How can I get my mom to leave her bedroom?

We moved my mom in with us last spring (my dad is in long-term care). We are happy to have her, knowing she is safe, and seeing her enjoy her infant granddaughter. She has a caregiver several days a week who helps take her to appointments, run errands, and otherwise offers companionship. However, especially on the days without a caregiver, my mom stays in her room, either watching TV or sleeping. I've encouraged her to at least come to the living room to watch TV and the caregiver was going to add a diagram of the remote control to her personalized appliance instruction book. My mom says she prefers being in her room. I would also like to see my mom make friends. She was always shy, but difficulty with speech after a stroke makes her especially fearful of social events. I've recommended a senior center or even just a chair exercise class in town, but she says "Not now." Should I continue to encourage my mom to branch out more, and if so, how can I do this more successfully? Since my mom most likely won't agree to taking a senior shuttle to the center, do I have the caregiver bring her, or will that isolate her from other seniors (or will they ostracize her)? If I bring her, I don't want to bring my infant, because she'll get all the attention (or maybe that will make Mom more popular)? But this also means less time for me, or for baby and me activities. Thanks in advance for your help!

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How old is your mom? If you have a young infant, she must be pretty young herself, which might change my approach somewhat. My mom was a combination of being social but also liked her alone time. After my dad died, mom didn't see many people. She lived in Independent Living but I brought her meals, as she didn't get dressed most days. But my mom was in her 90s. For a while, I worried about it, but then realized mom could literally walk out her door and see people if she wanted to. She had some cognitive decline (no short-term memory) and I think it made her nervous to be around others. So after a while, I let it go. In my case, it was more a question of what I wanted for mom than what she wanted or needed.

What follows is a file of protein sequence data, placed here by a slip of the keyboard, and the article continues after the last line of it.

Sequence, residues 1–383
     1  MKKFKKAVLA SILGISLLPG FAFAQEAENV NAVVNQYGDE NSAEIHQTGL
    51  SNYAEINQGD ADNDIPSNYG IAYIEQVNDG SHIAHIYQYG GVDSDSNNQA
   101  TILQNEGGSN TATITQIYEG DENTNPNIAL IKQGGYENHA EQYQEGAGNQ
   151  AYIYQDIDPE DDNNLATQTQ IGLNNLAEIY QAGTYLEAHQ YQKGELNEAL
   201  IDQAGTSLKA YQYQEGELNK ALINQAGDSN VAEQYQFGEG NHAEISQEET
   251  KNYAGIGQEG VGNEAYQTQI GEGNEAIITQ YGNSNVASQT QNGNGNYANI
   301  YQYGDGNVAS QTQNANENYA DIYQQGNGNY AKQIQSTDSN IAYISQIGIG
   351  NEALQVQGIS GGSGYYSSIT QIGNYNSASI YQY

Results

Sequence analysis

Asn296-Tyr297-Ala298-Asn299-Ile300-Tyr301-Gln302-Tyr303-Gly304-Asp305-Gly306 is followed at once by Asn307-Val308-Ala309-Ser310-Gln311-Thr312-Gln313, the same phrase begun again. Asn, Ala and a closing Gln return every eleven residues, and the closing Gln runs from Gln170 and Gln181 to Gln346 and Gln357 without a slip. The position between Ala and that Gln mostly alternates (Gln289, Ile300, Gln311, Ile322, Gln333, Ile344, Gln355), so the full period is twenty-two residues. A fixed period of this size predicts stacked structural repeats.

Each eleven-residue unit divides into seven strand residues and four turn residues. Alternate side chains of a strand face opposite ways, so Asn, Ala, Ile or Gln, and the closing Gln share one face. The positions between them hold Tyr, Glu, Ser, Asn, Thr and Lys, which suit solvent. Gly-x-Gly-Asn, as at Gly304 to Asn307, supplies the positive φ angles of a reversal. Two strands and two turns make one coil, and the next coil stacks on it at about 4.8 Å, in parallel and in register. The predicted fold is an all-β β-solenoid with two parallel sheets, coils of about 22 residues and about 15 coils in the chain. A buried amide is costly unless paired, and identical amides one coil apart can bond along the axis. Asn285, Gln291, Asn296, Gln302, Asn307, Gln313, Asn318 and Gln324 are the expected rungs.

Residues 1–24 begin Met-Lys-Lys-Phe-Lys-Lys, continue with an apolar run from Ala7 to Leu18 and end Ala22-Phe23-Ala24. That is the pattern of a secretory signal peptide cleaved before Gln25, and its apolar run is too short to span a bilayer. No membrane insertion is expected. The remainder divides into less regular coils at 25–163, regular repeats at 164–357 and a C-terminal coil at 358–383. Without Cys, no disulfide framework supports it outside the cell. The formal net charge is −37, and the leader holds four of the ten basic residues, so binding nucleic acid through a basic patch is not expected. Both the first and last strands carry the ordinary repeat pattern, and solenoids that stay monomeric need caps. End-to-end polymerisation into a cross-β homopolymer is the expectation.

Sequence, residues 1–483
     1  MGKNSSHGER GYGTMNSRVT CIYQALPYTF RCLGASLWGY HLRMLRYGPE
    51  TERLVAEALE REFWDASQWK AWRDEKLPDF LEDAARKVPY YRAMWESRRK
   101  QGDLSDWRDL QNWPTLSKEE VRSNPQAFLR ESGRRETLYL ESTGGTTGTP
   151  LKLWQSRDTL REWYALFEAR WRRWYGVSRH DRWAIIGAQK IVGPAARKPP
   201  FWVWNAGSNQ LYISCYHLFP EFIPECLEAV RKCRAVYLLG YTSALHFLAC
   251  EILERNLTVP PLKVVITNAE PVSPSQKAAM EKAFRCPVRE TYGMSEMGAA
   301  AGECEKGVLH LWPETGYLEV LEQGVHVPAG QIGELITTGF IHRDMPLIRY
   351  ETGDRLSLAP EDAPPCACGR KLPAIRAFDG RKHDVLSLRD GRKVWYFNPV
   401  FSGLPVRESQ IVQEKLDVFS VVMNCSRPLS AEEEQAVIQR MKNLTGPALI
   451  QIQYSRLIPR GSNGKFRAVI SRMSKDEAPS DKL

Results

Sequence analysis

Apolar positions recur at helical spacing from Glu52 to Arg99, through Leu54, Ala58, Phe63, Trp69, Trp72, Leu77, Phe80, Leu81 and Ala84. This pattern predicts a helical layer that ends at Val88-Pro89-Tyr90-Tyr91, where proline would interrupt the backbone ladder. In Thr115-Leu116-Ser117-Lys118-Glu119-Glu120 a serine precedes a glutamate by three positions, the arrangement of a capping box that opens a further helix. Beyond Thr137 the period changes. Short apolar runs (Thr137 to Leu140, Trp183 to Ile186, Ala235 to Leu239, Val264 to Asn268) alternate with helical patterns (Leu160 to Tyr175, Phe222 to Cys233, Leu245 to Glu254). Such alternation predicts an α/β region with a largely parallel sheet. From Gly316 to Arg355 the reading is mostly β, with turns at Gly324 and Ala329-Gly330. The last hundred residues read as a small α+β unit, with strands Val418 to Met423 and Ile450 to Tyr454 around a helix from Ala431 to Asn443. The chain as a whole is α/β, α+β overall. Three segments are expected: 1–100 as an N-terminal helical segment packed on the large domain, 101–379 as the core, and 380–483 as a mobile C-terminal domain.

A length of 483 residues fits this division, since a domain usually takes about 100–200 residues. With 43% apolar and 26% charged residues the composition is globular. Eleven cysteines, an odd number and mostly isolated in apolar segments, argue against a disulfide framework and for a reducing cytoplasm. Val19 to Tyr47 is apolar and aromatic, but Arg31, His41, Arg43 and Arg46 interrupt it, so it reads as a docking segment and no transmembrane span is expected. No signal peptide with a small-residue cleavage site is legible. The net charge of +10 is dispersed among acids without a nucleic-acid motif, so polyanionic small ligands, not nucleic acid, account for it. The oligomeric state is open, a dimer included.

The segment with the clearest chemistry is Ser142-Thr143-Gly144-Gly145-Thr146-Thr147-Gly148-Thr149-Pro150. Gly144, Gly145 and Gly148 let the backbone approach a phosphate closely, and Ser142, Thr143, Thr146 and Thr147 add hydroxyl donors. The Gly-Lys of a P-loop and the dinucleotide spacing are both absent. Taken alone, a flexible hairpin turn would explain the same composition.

If your mom is much younger, I wonder if you could see if there are some support groups for people who have had strokes, so she'd be around others with some impairments from their strokes? You could also visit the senior center and talk to the manager to see if there's a place your mom might fit in. I worked for a non-profit at a local senior center and they had all kinds of support groups and daily events. It was always a hive of busy activities. There were a variety of levels of functioning and a number of attendees came with their caregivers. So you could also try that.

You're a good daughter to try to do this for your mom. {{{Hugs}}}

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